As COVID-19 continues to spread throughout the country, poorer Kiwis are set to bear the brunt of the pandemic more than those with money, predicts a political economist.
So far there have been 797 confirmed or probable cases of COVID-19 in New Zealand, with one person losing their life to the virus. Worldwide the death toll stands at more than 46,000, with over 900,000 confirmed cases.
Although statistically older people - those aged over 70 - have been marked as being particularly vulnerable, Associate Professor Brian Roper, a political economist from Otago University, says poorer Kiwis are also at risk of suffering disproportionately from the pandemic - both in the short term and the long term.
Lower-income New Zealanders have both a higher risk of being exposed to the virus and also of suffering more if they catch it, he said.
"The survival rate is going to be much higher amongst those in higher-income households because statistically those in higher-income households are less likely to have pre-existing health problems, therefore more likely to be able to recover," Roper told Newshub.
"Whereas, there is a much higher prevalence for pre-existing health problems amongst those in lower-income households."
Lower income households were also likely to be more crowded, making social distancing harder. And with those earning less often living week-to-week, they have to make more visits to public places like supermarkets, leading to an increased risk of COVID-19 exposure.
"For people on benefits and low incomes there's no way they've been able to stockpile foods to prepare themselves for the lockdown because they're always waiting for their paycheck or their wage payment or their benefit payment in order to buy next week's groceries."
"The effects are likely to be felt for a very long time"
As well as the short-term impacts on those sitting lower on the socio-economic ladder, the country is also likely to see long-term consequences in the political economy that will not only affect lower-income households but could also see more New Zealanders become poorer over time.
"From very early on, economists from right, left and centre have clearly recognised that this is going to dwarf the global financial crisis of 2008 and be much more akin to the Great Depression of the 1930s," Roper said. "You can't stall the global economic system for this kind of period and on this kind of scale without it having a major impact on economic growth and unemployment."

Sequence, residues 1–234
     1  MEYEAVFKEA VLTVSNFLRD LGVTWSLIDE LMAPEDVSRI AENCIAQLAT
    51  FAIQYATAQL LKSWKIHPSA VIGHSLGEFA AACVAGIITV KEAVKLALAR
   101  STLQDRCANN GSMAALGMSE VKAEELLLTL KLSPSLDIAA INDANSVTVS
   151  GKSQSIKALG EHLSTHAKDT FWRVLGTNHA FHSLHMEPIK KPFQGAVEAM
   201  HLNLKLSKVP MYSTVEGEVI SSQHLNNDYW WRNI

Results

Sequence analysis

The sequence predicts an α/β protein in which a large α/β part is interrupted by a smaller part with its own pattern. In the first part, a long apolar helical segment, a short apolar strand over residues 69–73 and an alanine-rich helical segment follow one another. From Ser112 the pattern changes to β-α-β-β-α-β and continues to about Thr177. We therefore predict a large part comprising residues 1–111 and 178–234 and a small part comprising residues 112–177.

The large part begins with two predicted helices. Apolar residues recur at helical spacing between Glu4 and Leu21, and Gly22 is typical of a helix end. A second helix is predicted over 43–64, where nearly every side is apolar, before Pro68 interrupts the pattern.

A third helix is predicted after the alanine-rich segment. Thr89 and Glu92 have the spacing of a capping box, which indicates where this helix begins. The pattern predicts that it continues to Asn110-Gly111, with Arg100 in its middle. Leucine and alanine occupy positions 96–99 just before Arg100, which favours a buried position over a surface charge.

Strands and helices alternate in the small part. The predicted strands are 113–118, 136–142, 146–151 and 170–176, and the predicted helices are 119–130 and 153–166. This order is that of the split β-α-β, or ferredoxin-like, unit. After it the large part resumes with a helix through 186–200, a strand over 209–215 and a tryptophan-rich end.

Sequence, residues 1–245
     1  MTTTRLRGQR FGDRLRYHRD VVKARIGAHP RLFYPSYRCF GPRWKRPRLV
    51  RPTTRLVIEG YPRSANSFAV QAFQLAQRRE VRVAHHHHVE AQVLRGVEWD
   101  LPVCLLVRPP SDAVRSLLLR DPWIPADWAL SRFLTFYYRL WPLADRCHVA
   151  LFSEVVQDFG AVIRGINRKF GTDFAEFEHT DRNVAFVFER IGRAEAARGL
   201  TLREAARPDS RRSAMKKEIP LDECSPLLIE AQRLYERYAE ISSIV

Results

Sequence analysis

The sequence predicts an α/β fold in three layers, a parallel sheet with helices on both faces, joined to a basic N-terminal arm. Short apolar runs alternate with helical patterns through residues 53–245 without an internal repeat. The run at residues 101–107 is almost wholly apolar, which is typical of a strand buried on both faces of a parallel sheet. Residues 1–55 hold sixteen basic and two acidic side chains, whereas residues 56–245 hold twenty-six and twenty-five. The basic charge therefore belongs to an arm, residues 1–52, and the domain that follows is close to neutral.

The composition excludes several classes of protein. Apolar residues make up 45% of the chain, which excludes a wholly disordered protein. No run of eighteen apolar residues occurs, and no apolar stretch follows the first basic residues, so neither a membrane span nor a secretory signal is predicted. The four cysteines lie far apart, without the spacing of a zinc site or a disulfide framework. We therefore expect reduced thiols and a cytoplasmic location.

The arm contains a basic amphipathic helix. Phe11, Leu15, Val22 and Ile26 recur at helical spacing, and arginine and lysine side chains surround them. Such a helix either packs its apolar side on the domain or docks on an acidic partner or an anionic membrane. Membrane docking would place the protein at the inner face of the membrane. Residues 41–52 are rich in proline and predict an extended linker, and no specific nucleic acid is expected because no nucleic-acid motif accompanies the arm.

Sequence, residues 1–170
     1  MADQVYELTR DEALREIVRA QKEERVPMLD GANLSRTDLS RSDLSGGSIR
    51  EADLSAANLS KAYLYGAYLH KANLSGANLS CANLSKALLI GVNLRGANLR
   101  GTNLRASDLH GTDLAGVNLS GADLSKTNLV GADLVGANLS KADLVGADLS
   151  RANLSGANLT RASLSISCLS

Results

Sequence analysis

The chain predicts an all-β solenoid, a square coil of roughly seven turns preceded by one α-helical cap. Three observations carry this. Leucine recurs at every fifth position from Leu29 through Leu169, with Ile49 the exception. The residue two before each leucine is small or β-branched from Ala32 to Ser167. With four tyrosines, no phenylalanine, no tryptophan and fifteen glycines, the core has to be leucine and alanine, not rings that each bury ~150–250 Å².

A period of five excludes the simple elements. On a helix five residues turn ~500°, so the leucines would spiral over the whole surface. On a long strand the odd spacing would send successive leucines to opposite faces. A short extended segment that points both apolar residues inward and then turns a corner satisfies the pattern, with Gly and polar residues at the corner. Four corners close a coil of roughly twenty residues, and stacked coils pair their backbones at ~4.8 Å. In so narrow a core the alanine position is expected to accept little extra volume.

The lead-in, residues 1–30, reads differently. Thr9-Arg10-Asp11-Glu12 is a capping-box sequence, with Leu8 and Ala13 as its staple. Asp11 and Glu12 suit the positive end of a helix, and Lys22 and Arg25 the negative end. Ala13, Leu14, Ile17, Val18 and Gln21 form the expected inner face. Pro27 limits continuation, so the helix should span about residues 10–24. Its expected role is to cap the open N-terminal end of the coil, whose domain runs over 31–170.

On Wednesday, Finance Minister Grant Robertson told the Epidemic Response Committee that the country's GDP would "take a serious hit", with Treasury also warning that unemployment could hit "double figures".
Economist Shamubeel Equab told the committee that the country is in "uncharted waters" and warned that many businesses wouldn't survive the lockdown and aftermath of the pandemic.
Roper says that historically major recessions have been shown to go hand-in-hand with an increase in social inequality, with unemployment tending to impact those on low and middle incomes the worst.
"Those on low and middle incomes are less likely to have savings, they're much more likely to be more highly indebted - there's a range of different factors at play there," he said.
He estimated that if a vaccine was found within the next 18 months - as experts have predicted - an economic recovery could take place here within a few years' time.
However, the economic and political effects of the pandemic are likely to last far longer.
"I think that the effects are likely to be felt for a very long time," he said.
If governments around the world respond like they did after the global financial crisis in 2008 - as they appear to be doing so far by offering huge fiscal stimulus packages - then paying back the debt accrued will be the next challenge.
Already the Government here has injected billions into the economy to keep businesses afloat, and experts say even more will be needed over time.
Those massive economic stimuli are not consequence-free, however, warns Roper, saying future Governments will have to make some hard decisions about how to pay that money back.
"In order to reduce that public debt, there's going to have to be fiscal austerity that's going to last at least a decade," he said.
"And if that fiscal austerity involves reduced government social spending in areas such as housing, health, education, welfare and superannuation, that is going to impact much more severely on low- and middle-income households than high-income households.
"My view is that we are likely to see economic recovery kicking in within the next two to four years and that will lead to a substantial reduction in unemployment. But what's likely to last much longer than that is a programme of fiscal austerity to pay down debt - and that is going to have ongoing impacts on social inequality."